Standards of care for management of most if not all neuromuscular disorders recommend frequent, standardized assessments of function in a multidisciplinary clinic or care center as well as ongoing therapy services at home or in the community[29, 44]. Meeting these standards of care becomes complex and challenging during “stay at home” recommendations and each situation should be carefully evaluated as to how to best meet the needs of the patient. These needs are also complicated by the many other challenges facing caregivers as they try to balance work from home or in some cases loss of employment, care for their children at home with online/distance learning and telehealth visits for therapies and other services. This exhausting and stressful schedule can be hard to manage and should be taken into consideration by all providers making recommendations for ongoing care.
4.1Telehealth utilization for clinical assessments
Regular assessments, typically every 6 months, of patients with neuromuscular conditions such as spinal muscular atrophy and Duchenne muscular dystrophy are recommended for most neuromuscular diagnosis. Telerehabilitation can give providers the opportunity to observe the patients in their natural environment and in many cases provides a window into the resources as well as limitations to patient’s care at home. Outcome measurement assessments administered by telerehabilitation cannot be done in the standardized manner in which they were designed in most cases. Modified versions of these assessments, however, can be done by using a little creativity and can provide useful information on current status and help in making recommendations for therapy interventions. For example, many household items such as quarters, plastic containers with lids, printer paper, and soup cans can be used to substitute for standardized items in the Performance of Upper Limb  used for patients with Duchenne/Becker muscular dystrophy and the Revised Upper Limb Module, used for patients with SMA. The Northstar Ambulatory assessment (NSAA), is a useful tool for measuring ambulatory function in Duchenne and many other neuromuscular diagnoses. Most of the items in this assessment can easily be administered during a telehealth visit with some exceptions and modifications. Similarly, many items on the CHOP INTEND, Hammersmith Functional Motor Scale Expanded (HFMSE)  and Revised Hammersmith scale (RHS)  can also be done with some limitations and modifications via telehealth. Accurate comparisons to past testing results are not possible and a statement to that effect should be noted in the medical record. Timed function testing cannot be done due to time delays on video and range of motion measurements cannot be accurately administered via telehealth. However, useful information on current function can be obtained from these modified assessments and can help guide home therapy and exercise recommendations.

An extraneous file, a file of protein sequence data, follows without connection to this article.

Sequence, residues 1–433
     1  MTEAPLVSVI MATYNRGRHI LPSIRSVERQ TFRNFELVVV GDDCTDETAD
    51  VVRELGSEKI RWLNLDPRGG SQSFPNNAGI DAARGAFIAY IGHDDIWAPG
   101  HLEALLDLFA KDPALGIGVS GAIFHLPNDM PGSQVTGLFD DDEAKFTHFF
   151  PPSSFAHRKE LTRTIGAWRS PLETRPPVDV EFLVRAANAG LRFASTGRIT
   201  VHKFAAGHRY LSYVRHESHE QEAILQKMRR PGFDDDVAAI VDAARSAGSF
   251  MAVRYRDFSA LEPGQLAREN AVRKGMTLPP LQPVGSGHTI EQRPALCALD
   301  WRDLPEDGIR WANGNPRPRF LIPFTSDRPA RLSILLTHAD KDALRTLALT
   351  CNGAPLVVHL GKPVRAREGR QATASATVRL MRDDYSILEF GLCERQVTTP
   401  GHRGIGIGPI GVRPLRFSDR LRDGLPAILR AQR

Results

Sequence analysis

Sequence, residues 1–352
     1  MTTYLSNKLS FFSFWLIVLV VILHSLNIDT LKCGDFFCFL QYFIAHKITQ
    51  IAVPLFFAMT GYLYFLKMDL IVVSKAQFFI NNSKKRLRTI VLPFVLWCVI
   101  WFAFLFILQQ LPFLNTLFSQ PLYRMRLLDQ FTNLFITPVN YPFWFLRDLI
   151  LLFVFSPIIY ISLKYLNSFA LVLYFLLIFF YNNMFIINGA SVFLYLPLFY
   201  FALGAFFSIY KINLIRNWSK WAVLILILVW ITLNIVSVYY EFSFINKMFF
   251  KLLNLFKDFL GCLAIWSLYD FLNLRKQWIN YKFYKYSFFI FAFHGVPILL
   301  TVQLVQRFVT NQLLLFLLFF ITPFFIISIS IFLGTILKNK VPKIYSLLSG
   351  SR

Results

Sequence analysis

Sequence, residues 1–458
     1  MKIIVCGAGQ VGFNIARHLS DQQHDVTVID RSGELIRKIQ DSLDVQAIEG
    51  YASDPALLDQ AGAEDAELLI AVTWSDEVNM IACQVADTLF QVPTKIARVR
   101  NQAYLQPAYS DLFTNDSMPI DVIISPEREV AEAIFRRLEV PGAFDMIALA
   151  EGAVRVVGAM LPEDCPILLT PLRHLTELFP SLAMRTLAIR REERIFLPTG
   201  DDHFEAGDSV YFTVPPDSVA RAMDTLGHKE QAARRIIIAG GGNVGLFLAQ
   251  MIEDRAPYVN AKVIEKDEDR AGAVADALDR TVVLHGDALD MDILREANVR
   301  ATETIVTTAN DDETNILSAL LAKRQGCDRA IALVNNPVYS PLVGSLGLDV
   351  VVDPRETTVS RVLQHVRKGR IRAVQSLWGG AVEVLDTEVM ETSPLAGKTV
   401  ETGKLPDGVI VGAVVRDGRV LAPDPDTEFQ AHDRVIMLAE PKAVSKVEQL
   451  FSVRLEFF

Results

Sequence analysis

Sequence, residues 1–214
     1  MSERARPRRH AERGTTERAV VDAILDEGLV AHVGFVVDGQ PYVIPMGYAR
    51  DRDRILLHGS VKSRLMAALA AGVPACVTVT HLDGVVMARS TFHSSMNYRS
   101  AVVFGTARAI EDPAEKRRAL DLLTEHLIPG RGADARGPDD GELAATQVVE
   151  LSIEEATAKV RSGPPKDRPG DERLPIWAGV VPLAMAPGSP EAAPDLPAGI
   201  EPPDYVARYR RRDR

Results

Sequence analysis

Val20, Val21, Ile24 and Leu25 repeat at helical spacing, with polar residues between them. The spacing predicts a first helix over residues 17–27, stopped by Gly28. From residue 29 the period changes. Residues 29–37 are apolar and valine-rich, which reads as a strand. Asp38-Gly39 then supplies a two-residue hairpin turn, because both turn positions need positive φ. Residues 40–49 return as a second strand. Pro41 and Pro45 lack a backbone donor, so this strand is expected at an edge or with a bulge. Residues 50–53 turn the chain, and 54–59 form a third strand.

It is important to note that because assessments cannot be accurately compared to previous assessments, they cannot be used for clinical trial exams. International academic networks are currently working to develop, standardize and validate telehealth (telerehabilitation) assessments.
Additionally, prior to authorizing approval or re-approval for reimbursement for novel treatments such as eteplirsen, golodirsen, or nusinersen, many insurance companies require standardized testing. Care providers may need to proactively discuss these challenges with payors. Functional assessments required in clinical trials will vary depending on the sponsor, local or central IRB requirements, and the hospital in which they are performed. Research therapists should work closely with the Principal Investigator and Research Coordinator to assure adherence to the study protocol in the setting of the pandemic.
Adaptive equipment management can be performed with some limitations if an in-person visit is not possible. In other cases, equipment that is not typically available for in-clinic visits can be evaluated via telehealth. This is a great way to assess fit, proper use and safety of home equipment. Standers, walkers, sitting devices, backup wheelchairs or power chairs that can’t be transported can be seen for perhaps the first time. Families can be encouraged to share their creative home “inventions” both for function and recreation thereby providing caregivers and therapists an opportunity to learn and share with others. Durable medical equipment providers may be available for in-person visits or telehealth to make necessary repairs or to assist with the face-to-face assessments that are often required. Providers and therapists should collaborate with them to address patient needs as quickly as possible.
Orthotics should be assessed for fit during each visit whether in person or by telehealth. If any pressure areas are detected, the patient should be directed to contact their orthotist. If modifications cannot be made due to visitation restrictions, avoiding use should be advised until these modifications can be done.
4.2Home exercise and therapy program considerations
Providing therapy is typically hands-on and finding ways to make this work remotely can dramatically change the way it is performed. However, integrating therapy into virtual visits is possible and can be quite helpful. Telerehabilitation may be provided by community, school or clinic therapists. Scheduling telehealth therapy visits should be coordinated with the multiple other virtual appointments a child may have with online learning, IEP meetings and visits with medical providers. The therapist providing care remotely takes on more of a teaching rather than touching role and has the responsibility to guide the parents in the activities that are recommended. Coordinating and sharing goals between therapists is essential for continuity of care and to create shared goals. Setting expectations appropriately while keeping in mind the limitations and stress the caregivers might be experiencing is important to consider.